some slack to get that little extra tension. We should have stopped
with the first time. We had New Song so far forward that John Ward's
van was a bit nose high because of all of the tongue weight.
FYI, that is me on the trailer tongue, Glen was driving my Jeep for
the recovery, John is making sure that his motor and rudder don't
drag when Glen pulls it out, and Alex and Doreen are supervising. We
found the Jeep to be the perfect vehicle for launching/recovery,
because the short wheelbase and good view make backing and
maneuvering a breeze. The longer wheelbase of John's van is better
for highway towing.
No guarantees, but I hope this helps.
The geometry between the trailer's bow stop & the bow eye on the
boat does indeed change as the boat is brought out of the water & the
stern of the boat stops floating & starts getting supported by the
trailer. This changing geometry is another reason to use a HD
secondary restraining device one the bow eye. My trailer winch uses
a steel cable. I have found it is difficult to get all the slack out
of the cable as it is wound onto the winch drum. As the boat is
pulled out of the water, this winch cable will come under a lot of
strain that will tend to pull any slack out, thus allowing the bow to
shift backwards up to several inches. A HD secondary restraining
device will prevent this & keep the trailer bow stop & the boat's bow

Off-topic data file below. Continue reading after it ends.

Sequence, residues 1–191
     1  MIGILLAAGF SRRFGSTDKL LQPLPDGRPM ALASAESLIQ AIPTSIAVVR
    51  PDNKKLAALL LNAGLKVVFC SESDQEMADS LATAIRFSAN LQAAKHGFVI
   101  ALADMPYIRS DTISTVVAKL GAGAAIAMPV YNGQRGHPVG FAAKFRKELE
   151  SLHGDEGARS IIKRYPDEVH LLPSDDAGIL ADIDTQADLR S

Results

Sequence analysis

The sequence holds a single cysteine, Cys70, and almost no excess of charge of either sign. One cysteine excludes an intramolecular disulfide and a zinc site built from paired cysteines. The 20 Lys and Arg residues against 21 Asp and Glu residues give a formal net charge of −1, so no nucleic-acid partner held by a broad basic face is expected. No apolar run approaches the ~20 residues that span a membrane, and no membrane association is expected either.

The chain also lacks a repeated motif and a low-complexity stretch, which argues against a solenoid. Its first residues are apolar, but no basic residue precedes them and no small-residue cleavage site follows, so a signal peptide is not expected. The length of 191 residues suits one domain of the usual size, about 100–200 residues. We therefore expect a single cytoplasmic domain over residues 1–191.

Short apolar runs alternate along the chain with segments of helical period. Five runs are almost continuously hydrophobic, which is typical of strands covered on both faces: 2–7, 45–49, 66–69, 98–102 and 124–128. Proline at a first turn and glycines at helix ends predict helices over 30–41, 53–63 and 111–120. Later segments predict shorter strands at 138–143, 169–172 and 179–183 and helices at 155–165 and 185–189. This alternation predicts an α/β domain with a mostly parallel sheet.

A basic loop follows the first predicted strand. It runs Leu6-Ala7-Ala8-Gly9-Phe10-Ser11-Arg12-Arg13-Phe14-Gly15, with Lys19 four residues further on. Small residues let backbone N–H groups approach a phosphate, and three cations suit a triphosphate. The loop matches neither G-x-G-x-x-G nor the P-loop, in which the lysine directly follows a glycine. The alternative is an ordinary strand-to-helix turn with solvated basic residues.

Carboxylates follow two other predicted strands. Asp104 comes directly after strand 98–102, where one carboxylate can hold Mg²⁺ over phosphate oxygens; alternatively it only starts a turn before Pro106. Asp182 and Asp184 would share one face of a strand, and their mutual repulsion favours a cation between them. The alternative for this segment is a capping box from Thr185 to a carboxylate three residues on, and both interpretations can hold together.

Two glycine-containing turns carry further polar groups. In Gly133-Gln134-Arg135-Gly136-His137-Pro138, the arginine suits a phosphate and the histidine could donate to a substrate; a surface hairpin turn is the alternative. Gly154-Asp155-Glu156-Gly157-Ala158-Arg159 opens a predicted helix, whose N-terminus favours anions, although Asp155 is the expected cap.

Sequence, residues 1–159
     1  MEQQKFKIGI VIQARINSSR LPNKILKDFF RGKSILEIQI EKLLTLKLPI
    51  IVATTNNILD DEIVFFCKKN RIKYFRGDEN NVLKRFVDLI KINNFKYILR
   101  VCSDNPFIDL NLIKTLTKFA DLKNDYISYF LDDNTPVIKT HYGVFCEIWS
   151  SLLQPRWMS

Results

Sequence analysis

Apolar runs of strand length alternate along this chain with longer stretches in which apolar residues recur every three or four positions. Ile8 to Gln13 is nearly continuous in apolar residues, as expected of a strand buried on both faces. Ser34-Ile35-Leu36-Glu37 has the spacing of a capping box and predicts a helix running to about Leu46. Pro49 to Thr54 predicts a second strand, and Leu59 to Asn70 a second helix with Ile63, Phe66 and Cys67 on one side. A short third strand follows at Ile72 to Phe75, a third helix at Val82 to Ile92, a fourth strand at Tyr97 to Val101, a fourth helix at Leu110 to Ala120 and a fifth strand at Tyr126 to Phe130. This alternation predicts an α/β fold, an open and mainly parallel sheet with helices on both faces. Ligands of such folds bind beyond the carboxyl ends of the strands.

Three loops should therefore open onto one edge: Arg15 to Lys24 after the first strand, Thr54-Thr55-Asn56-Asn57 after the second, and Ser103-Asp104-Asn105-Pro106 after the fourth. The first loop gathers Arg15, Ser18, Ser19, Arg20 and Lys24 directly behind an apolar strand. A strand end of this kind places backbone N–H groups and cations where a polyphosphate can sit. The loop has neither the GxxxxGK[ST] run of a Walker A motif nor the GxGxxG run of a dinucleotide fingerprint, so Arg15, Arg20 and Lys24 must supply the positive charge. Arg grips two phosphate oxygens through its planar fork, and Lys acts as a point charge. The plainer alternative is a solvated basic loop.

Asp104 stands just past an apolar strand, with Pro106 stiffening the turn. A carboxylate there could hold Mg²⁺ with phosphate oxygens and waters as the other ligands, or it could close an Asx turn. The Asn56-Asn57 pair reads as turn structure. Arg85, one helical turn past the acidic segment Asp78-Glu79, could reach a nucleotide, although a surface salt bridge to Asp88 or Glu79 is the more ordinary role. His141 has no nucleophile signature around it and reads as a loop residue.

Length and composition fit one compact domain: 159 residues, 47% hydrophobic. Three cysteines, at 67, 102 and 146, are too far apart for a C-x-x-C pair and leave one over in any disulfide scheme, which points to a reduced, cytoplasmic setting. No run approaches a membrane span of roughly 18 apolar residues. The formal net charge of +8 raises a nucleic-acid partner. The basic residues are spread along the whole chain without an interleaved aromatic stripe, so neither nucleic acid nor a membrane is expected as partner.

eye together as the trailer comes out of the water.
Another thing to check is whether you have your keel rollers adjusted
properly. The majority of the boat's weight needs to be resting on
the keel rollers & not on the trailer bunks. Try This Test:
With the boat centered fore/aft & side-to-side on the trailer & the
trailer sitting level on flat ground, try to move the keel rollers.
If you can budge them even slightly, then too much of the boat's
weight is resting on the bunks. If you can see any deformation in
the hull where it is resting on the bunks &/or if you have any
trouble opening & closing lockers & hatches in the cabin, this is
also diagnostic of this problem. The sliding cabinet doors under the
galley countertop are particularly sensitive to this problem.
If the boat is not centered on the trailer, then using hydraulic
jacks and blocks of wood, carefully move it around & get it centered.
With the boat centered on the trailer, loosen up the 4 bolts on each
keel roller & slide the keel roller assembly up until it is in
contact with the keel. Tighten
up the 4 bolts. Mark the height of the keel roller assembly on the
trailer. Do this with all the keel rollers (my trailer has 2 keel
roller assemblies). Now put the boat in the water. Go back to each
keel roller, loosen up the 4 bolts, slide each one up 3/4" relative
to the marks you made earlier, and retighten the 4 bolts. While you
are working with the keel rollers & the boat is not on the trailer,
check to be sure the keel rollers turn freely. If they don't turn
freely, then grease the keel roller axles or replace as required.
Now try recovering the boat using the procedure I described in my
earlier post & see if it's not a whole lot easier than before!
S/V Dynamic Equilibrium